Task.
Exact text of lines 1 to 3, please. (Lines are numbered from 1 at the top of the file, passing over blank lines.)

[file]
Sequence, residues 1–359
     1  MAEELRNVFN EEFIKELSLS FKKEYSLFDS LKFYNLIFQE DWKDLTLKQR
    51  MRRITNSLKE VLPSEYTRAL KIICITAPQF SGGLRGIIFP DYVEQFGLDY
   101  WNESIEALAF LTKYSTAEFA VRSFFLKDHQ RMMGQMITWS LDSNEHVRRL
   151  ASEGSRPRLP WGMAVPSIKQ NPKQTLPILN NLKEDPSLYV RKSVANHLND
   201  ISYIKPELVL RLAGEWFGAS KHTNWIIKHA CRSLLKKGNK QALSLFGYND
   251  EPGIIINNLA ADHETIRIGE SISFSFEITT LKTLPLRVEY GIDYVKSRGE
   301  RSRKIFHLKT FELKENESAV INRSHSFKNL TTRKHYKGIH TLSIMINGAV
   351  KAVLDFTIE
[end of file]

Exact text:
Sequence, residues 1–359
     1  MAEELRNVFN EEFIKELSLS FKKEYSLFDS LKFYNLIFQE DWKDLTLKQR
    51  MRRITNSLKE VLPSEYTRAL KIICITAPQF SGGLRGIIFP DYVEQFGLDY